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【Learn Chinese】5 Basic Chinese Grammar Rules (Part 2)
You’ve picked up a good amount of Chinese vocabulary and now want to take your skills further? 
Let’s learn some more basic Chinese grammar rules! This is Part 2 of our article.
Subject + 很 + Adjective
When you want to describe someone or something with an adjective in Chinese, you’ll use the 很 (hěn) structure. Unlike English, where “am,” “are,” or “is” directly connect subjects to adjectives, Chinese typically uses 很 (hěn) for this purpose.
Check out these examples:
I’m tall: 我很高 (wǒ hěn gāo) 
He’s busy: 他很忙 (tā hěn máng) 
Chinese is easy: 中文很容易 (zhōngwén hěn róngyì) 
Though 很 often means “very,” in this structure, it doesn’t add extra emphasis — it simply links the subject and adjective, serving more as a grammatical connector than implying intensity.
Subject + Time + Verb
This structure specifies when an action occurs by positioning the time element right after the subject and before the verb. It differs from the typical sentence construction in many European languages, including English, where time elements often come at the end.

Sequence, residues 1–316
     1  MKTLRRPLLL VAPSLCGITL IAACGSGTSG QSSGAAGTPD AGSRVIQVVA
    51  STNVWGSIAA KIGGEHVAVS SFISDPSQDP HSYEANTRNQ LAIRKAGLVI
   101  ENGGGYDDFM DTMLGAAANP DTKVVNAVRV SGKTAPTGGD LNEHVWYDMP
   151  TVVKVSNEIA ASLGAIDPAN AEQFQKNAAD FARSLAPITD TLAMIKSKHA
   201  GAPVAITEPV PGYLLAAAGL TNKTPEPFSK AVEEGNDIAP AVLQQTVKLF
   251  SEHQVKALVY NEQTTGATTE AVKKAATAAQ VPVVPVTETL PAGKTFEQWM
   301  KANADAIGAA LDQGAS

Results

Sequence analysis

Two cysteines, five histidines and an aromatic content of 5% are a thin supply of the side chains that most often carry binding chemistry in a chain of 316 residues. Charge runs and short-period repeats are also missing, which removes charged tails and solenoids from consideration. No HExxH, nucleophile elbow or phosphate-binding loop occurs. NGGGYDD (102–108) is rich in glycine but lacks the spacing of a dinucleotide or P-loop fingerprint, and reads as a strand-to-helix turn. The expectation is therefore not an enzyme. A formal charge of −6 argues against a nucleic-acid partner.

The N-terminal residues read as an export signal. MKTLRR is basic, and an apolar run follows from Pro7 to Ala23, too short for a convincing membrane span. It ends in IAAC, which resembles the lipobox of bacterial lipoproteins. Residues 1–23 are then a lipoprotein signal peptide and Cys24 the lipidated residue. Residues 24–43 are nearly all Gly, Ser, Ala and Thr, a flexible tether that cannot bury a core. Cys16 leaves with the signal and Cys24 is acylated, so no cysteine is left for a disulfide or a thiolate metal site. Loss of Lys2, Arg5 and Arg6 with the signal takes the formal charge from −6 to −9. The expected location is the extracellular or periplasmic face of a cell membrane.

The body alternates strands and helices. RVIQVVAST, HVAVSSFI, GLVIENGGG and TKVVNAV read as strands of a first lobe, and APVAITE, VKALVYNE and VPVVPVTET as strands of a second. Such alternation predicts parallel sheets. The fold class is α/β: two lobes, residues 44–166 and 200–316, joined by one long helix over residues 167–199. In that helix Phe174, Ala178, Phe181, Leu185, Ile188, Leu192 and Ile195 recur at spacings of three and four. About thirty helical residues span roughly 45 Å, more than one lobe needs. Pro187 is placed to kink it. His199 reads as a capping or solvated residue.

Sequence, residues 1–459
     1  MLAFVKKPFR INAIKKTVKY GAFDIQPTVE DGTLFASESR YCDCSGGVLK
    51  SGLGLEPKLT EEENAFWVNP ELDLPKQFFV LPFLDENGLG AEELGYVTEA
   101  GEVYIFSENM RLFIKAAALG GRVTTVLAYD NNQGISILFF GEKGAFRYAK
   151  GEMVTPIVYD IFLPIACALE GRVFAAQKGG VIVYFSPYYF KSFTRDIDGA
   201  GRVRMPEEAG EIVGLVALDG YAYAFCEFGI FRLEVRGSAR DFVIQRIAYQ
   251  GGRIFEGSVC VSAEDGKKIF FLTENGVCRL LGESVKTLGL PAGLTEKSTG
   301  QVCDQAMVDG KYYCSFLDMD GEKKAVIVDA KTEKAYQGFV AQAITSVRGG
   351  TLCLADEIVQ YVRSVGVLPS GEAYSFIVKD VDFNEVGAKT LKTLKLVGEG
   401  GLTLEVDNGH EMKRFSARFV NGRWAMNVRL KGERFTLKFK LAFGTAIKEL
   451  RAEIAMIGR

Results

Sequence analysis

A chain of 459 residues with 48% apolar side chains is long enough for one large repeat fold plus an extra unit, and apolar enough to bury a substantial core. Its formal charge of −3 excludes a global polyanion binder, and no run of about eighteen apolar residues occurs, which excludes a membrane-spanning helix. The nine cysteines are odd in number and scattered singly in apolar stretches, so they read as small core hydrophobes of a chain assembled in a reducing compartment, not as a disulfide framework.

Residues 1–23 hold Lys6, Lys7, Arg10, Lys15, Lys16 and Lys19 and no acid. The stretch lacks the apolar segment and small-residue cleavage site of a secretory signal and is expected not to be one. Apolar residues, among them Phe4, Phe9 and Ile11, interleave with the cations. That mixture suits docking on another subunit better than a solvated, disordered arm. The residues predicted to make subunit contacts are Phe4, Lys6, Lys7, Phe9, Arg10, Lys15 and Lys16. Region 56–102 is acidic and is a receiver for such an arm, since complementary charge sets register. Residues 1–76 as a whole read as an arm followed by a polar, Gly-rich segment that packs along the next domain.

Here are examples showcasing this structure with time expressions:
I work out every day: 我每天锻炼 (wǒ měitiān duànliàn) 
He graduates next year: 他明年毕业 (tā míngnián bìyè)
Anna will visit me tomorrow: 安娜明天来看我 (ānnà míngtiān huì lái kàn wǒ)
Usually, time words go right after the subject. But, if you want to focus more on when something happens than what happens, you can put the time at the start of the sentence.
Another twist is when you’re mentioning how long something takes, like “two hours” or “three weeks.” In these cases, the duration goes at the end of the sentence. For example:
I work out every day for two hours: 我每天锻炼两个小时 (wǒ měitiān duànliàn liǎng ge xiǎoshí) 
Subject + Time + Location + Verb
Adding a location into the mix, this structure lets you detail not just when but also where an action takes place, providing a fuller picture of the event.
I work in Shanghai this year: 我今年在上海工作 (wǒ jīnnián zài shànghǎi gōngzuò)
He was born in the USA in 1996: 他1996年在美国出生 (tā yījiǔjiǔliù nián zài měiguó chūshēng) 
I’m at home now: 我现在在家 (wǒ xiànzài zài jiā) 
However, if the location is part of the action, like “go to the USA,” “come home,” or “arrive in London,” the location is placed after the verb:
I will go to the USA tomorrow: 我明天去美国 (wǒ míngtiān qù měiguó)
He will come home tomorrow: 他明天回家 (tā míngtiān huí jiā)